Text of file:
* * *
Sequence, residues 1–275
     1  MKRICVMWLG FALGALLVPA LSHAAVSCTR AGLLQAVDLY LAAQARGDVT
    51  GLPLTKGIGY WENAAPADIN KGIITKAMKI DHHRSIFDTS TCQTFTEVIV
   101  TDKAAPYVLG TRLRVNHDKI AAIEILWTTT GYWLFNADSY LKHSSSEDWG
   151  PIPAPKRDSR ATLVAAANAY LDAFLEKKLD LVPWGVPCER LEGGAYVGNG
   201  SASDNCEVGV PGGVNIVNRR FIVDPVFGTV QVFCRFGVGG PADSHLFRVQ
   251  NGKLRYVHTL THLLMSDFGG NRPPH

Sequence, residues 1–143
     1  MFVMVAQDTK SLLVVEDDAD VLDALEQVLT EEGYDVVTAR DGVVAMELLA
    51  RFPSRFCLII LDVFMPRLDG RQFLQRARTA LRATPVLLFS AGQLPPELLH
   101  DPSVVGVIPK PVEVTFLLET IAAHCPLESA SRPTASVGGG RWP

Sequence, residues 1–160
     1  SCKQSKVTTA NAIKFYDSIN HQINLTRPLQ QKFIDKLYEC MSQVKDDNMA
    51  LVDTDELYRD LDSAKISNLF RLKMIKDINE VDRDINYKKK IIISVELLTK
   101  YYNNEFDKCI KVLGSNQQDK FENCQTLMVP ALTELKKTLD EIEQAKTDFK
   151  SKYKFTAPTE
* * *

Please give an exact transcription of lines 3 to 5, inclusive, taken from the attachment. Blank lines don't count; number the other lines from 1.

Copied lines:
    51  GLPLTKGIGY WENAAPADIN KGIITKAMKI DHHRSIFDTS TCQTFTEVIV
   101  TDKAAPYVLG TRLRVNHDKI AAIEILWTTT GYWLFNADSY LKHSSSEDWG
   151  PIPAPKRDSR ATLVAAANAY LDAFLEKKLD LVPWGVPCER LEGGAYVGNG